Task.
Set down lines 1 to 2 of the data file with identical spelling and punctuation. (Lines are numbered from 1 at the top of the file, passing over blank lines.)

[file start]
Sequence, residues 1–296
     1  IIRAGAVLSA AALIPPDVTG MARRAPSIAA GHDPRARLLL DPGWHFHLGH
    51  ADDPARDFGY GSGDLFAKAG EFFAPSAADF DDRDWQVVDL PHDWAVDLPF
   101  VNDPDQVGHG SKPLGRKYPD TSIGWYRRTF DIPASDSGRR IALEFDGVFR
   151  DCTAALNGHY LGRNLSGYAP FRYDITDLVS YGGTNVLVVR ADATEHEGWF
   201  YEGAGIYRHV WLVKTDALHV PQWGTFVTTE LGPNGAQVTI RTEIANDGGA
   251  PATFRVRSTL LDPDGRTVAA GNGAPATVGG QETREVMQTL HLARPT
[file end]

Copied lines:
Sequence, residues 1–296
     1  IIRAGAVLSA AALIPPDVTG MARRAPSIAA GHDPRARLLL DPGWHFHLGH